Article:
Like in Vancouver, the temperatures have dropped again and ice is now forming on the canals again. We don’t have the fog problem, although I have seen some great photographs that have been Emailed around. With the cold weather we have had a lot more blue skies. So on Saturday Marc and I went out on our bikes and explored some neighbourhoods. I showed him some of the neat areas I had found, even took him to some places he hadn’t been before. Being in the market to buy his own apartment, he showed me some of the neighbourhoods he has been looking at.

Jaana had a friend staying with us this weekend and she decided it might be nice to go out for Sunday brunch. So she put together a group of eight people, including Marc and myself, and we went to the American Hotel. This is a beautiful old hotel in Leidseplein — the last touristy area on the edge of central Amsterdam.

A live jazz trio was playing in front of a massive window highlighted with stained glass. Brunch ran from 12:30 – 3pm and it was unlike any brunch I had been to before. The idea was that everyone was expected to stay for the whole duration of the brunch. A relaxing Sunday afternoon dining experience. Three buffets were presented in a staggered order over the course of the afternoon: the appetizers (which was the size and scope of most Sunday brunch buffets), the entrée and desert buffets. One of the highlights was the fish station at the entrée buffet which involved a large platter of 7 varieties of raw fish next to a cook at a grill. It was sublime!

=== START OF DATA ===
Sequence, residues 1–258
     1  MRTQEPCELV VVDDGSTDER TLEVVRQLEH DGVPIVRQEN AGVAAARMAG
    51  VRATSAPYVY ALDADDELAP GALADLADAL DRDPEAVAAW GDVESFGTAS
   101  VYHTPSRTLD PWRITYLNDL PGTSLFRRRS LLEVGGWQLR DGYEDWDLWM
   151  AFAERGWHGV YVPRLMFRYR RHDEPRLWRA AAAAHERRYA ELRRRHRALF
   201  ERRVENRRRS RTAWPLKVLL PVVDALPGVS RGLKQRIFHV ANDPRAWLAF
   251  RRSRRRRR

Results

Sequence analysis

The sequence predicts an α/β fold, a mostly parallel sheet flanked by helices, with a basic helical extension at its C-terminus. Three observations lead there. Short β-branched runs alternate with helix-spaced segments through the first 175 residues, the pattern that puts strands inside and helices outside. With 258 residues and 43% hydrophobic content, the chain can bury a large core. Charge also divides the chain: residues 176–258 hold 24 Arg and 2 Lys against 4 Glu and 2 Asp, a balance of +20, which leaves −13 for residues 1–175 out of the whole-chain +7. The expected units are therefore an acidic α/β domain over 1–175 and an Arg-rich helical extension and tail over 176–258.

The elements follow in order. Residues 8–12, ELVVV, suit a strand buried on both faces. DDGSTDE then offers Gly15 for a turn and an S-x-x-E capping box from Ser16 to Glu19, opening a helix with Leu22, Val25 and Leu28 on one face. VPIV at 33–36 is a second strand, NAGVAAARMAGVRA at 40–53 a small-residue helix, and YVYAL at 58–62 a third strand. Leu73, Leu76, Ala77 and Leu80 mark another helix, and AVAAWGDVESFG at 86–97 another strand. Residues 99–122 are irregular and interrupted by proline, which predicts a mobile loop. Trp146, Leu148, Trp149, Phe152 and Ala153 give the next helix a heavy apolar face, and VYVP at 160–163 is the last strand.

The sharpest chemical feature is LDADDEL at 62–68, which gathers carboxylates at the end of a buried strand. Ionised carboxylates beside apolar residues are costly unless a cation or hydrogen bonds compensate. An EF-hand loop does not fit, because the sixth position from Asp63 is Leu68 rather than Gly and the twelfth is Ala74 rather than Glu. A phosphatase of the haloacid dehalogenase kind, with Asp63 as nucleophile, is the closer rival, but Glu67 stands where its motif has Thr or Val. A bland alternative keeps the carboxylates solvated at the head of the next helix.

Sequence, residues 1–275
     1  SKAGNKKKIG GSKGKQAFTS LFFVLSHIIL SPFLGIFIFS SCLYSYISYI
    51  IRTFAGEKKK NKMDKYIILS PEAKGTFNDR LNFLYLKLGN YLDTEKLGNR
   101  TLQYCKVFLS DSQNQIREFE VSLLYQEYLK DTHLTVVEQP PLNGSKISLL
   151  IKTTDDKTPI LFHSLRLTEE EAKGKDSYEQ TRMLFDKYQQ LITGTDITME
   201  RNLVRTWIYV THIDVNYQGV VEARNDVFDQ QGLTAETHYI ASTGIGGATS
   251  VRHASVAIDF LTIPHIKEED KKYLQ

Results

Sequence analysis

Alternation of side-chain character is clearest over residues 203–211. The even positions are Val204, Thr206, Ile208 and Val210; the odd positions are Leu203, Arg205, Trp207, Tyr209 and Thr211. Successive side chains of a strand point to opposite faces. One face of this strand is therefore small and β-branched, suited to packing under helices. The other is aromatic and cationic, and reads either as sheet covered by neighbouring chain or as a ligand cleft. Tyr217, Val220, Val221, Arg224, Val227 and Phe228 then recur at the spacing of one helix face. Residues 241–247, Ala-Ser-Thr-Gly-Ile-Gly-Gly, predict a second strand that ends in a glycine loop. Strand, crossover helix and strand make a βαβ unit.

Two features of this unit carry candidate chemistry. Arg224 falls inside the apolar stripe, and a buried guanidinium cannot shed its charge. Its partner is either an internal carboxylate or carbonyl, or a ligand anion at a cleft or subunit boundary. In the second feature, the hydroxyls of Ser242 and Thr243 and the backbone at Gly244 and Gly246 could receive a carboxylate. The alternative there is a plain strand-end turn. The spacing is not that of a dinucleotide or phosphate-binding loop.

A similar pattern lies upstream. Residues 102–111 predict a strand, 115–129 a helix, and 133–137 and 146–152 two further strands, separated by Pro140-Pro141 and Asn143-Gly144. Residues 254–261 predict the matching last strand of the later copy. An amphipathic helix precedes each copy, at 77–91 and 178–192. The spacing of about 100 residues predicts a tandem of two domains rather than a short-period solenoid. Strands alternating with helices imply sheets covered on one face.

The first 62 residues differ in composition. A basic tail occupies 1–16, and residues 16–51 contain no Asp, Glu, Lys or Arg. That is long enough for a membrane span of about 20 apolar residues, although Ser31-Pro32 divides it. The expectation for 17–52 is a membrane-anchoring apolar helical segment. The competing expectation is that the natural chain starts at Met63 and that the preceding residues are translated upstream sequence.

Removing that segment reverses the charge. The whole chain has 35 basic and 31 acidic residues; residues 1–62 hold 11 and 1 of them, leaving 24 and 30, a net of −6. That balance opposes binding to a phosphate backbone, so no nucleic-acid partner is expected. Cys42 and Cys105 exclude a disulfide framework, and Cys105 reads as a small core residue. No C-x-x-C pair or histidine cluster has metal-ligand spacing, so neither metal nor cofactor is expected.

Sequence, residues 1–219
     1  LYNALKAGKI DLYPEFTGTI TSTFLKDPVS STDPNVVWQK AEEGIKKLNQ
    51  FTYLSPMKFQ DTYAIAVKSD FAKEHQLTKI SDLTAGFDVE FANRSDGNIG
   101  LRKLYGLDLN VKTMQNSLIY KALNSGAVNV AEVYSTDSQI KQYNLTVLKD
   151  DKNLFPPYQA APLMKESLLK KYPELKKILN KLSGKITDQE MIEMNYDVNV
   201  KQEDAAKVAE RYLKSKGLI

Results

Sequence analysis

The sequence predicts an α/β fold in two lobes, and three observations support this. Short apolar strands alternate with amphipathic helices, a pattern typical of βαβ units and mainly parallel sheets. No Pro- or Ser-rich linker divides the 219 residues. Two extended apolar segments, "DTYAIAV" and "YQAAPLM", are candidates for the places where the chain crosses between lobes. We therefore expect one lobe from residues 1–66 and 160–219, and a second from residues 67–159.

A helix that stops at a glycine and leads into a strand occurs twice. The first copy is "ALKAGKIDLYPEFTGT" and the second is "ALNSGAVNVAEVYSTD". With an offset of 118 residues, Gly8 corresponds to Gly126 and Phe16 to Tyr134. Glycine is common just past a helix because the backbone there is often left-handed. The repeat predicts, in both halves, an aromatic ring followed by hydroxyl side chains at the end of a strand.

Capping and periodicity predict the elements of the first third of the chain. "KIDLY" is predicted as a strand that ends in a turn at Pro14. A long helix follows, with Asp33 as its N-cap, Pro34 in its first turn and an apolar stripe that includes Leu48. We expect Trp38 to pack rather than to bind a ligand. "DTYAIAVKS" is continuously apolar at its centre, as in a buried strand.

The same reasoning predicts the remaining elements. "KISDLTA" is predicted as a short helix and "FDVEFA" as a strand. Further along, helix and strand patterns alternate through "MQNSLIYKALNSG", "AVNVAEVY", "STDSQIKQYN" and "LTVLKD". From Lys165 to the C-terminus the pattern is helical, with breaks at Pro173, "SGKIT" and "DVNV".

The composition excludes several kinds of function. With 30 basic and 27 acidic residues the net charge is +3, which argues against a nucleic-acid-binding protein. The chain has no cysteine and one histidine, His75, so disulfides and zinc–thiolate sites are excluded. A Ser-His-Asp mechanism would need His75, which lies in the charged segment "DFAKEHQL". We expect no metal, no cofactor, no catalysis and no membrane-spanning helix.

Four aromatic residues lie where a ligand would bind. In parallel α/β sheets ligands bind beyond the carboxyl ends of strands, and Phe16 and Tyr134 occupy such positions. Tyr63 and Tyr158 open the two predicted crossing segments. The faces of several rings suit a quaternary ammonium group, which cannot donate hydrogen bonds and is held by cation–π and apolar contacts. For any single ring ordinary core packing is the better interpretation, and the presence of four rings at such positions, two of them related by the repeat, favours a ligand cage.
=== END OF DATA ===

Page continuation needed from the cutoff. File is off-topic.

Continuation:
After lunch we retired to a pub on one of the quieter canals in the quaint De Negen Straatjes (The 9 Streets) area. This is a residential neighbourhood of heritage buildings full of cafes, bars and restaurants. I cycle through it on the way to work and it’s one of my favourite parts of town.

When we finally left it was the early evening so the group of us grabbed a few bottles of wine and came back to the apartment. At 11 I retired to my room and I was the first one to leave. I had such a good time, I can’t remember having a day as fun as that in ages.